In the past few weeks, Blizzard has made some decisions that have caused not just consumer, but international backlash. It started a few weeks ago when a professional Hearthstone player, Ng "Blitzchung" Wai Chung, made a pro-Hong Kong protest comment after a competition. The company stripped him of his tournament win and banned him from professional play for a year. Consumers responded swiftly, with people across the globe canceling their Blizzard game subscriptions. As a result, Blizzard seemed to disable the ability to cancel a subscription, claiming technical difficulties. After backlash, the company reinstated his win, as well as reducing his ban to six months instead of twelve.
Blizzard hoped that this would be the end of the controversy, but it seems to be just the beginning. This week, Blizzard decided to cancel a big event at Nintendo World in New York City, which was to be part of their much-anticipated release of Overwatch for the Switch. While Blizzard had not given a public statement about why the event had been canceled, many believed it was in response to a request from the Chinese government. There was an almost guaranteed chance that there would be protesters at the event, and their message would have been broadcast internationally with the Blizzard and Overwatch logos behind them. China has been flexing its muscles lately in regards to the Hong Kong protests, threatening to end business relationships with companies that even indirectly present an image of supporting the protests. Many companies have kowtowed to these requests for fear of losing access to the lucrative market.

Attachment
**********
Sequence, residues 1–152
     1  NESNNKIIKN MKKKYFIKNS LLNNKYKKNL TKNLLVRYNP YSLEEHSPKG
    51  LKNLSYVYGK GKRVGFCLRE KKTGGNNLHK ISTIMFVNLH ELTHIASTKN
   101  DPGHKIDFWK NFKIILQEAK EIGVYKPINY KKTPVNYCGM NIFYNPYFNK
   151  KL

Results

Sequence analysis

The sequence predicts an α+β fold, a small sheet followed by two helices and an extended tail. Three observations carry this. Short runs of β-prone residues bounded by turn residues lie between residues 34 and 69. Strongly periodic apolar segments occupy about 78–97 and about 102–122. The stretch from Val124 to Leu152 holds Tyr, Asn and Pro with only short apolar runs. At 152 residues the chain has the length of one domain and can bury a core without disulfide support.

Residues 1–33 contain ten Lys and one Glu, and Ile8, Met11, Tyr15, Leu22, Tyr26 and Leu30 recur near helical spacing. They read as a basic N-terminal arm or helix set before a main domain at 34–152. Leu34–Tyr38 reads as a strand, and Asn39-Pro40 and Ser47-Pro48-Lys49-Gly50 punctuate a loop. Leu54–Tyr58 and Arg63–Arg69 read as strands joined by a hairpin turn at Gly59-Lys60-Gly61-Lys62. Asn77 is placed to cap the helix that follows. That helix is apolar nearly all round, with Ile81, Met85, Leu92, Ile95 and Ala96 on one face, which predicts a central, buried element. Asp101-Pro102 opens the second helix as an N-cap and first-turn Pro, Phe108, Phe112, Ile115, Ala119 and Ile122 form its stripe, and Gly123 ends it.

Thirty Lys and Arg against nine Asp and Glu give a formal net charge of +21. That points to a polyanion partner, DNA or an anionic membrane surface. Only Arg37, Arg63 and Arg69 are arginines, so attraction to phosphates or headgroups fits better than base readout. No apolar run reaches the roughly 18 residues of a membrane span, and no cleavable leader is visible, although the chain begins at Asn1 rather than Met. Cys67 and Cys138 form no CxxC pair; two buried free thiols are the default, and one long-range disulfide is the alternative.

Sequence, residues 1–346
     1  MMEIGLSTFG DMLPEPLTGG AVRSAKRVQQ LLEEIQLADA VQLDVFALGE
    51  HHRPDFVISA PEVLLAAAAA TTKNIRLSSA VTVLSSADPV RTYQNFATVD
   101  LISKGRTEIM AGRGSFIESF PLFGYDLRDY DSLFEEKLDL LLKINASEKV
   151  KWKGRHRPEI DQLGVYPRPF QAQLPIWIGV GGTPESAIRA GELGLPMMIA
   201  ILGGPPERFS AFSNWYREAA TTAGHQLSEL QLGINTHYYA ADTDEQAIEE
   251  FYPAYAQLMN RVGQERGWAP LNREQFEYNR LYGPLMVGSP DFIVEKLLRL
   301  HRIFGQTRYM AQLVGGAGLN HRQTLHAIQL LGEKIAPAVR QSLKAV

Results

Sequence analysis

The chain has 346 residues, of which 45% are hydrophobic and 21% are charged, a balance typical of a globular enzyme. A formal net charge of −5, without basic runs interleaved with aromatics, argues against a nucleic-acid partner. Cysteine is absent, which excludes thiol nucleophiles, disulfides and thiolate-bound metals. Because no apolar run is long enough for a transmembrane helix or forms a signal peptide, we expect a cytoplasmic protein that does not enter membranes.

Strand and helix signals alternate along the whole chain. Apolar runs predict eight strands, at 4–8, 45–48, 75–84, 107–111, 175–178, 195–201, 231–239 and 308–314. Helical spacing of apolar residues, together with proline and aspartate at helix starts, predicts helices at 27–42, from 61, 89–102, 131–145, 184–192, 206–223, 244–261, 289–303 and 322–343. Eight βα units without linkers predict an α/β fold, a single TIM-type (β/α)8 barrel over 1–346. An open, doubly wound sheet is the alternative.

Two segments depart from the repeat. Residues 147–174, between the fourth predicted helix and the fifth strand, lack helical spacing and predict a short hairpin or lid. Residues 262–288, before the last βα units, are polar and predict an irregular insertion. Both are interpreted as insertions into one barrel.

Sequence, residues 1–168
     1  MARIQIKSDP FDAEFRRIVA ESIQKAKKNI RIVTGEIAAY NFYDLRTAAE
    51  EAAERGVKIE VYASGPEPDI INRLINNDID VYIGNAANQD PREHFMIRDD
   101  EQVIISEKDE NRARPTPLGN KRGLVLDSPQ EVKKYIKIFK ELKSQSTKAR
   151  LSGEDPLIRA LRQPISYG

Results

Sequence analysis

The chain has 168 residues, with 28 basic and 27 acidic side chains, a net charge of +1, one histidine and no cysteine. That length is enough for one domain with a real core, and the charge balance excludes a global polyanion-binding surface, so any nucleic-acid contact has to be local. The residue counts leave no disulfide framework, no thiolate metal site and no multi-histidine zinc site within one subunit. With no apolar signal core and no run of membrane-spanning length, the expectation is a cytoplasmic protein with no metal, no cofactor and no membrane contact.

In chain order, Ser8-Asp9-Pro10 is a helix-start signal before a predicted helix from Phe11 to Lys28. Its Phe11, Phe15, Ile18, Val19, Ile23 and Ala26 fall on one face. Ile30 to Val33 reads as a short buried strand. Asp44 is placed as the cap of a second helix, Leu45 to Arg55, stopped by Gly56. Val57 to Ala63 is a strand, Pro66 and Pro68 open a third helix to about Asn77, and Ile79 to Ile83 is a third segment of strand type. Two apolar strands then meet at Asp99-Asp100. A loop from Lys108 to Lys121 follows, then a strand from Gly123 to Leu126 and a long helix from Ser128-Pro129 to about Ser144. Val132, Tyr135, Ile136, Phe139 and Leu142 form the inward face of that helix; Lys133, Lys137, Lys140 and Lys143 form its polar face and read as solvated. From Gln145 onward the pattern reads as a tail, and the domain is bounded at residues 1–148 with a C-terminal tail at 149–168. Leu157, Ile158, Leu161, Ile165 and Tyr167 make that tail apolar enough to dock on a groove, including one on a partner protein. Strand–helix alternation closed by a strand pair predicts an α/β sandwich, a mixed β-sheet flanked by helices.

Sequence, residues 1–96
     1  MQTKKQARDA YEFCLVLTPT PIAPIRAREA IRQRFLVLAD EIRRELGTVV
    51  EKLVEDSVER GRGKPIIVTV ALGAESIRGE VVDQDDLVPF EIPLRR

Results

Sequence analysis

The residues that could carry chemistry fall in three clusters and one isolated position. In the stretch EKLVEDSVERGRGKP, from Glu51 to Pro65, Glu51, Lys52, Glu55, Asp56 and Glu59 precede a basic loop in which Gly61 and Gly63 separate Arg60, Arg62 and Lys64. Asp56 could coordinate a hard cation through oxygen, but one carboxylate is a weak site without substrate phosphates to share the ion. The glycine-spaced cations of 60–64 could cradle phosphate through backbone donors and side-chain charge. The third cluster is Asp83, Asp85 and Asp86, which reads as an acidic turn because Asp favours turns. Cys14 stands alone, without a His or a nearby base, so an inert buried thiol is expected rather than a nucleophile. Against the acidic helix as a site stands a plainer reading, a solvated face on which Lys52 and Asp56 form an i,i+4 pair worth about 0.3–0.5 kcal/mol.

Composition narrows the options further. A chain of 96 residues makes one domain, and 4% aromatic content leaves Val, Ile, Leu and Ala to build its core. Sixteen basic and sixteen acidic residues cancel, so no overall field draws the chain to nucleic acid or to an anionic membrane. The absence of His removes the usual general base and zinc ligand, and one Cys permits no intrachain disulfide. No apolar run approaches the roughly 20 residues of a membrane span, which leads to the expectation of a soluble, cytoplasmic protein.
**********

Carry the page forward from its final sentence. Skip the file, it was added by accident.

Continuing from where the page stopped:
Consumers are not the only ones concerned about Blizzard's relationship with China. A group of US Congresspeople who share almost no political positions, came together this week to express their concerns. A letter was sent by Republicans Marco Rubio and Mike Gallagher, Democrats Ron Wyden, Tom Malinowski, and Alexandria Ocasio-Cortez, to the company. They cite consumer response, employee response, and concerns over the reasoning behind these moves.
Blizzard and other companies have been put into a sticky situation when it comes to Hong Kong. The Chinese market can be a big one for these companies, but only if they play the government's games. Hong Kong has been China's first real flex outside of internet censorship. In addition to Blizzard, Apple was seemingly forced to remove an app from their store that allowed protesters to communicate. Apple also received harsh criticism and government questioning.
This could be the event that finally re-ignites the rift between the West and the Communists of China.